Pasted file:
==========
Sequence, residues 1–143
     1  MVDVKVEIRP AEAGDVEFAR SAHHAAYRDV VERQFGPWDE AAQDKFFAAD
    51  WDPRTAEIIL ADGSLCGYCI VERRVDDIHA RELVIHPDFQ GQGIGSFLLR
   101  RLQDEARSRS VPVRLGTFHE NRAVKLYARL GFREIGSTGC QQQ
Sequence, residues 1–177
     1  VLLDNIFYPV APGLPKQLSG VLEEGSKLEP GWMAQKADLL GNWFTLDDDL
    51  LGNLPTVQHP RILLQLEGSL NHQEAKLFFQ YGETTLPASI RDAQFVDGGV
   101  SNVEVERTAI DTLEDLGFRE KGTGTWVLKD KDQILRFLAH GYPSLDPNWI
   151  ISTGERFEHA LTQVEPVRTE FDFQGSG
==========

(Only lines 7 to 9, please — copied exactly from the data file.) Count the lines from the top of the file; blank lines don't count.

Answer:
    51  LGNLPTVQHP RILLQLEGSL NHQEAKLFFQ YGETTLPASI RDAQFVDGGV
   101  SNVEVERTAI DTLEDLGFRE KGTGTWVLKD KDQILRFLAH GYPSLDPNWI
   151  ISTGERFEHA LTQVEPVRTE FDFQGSG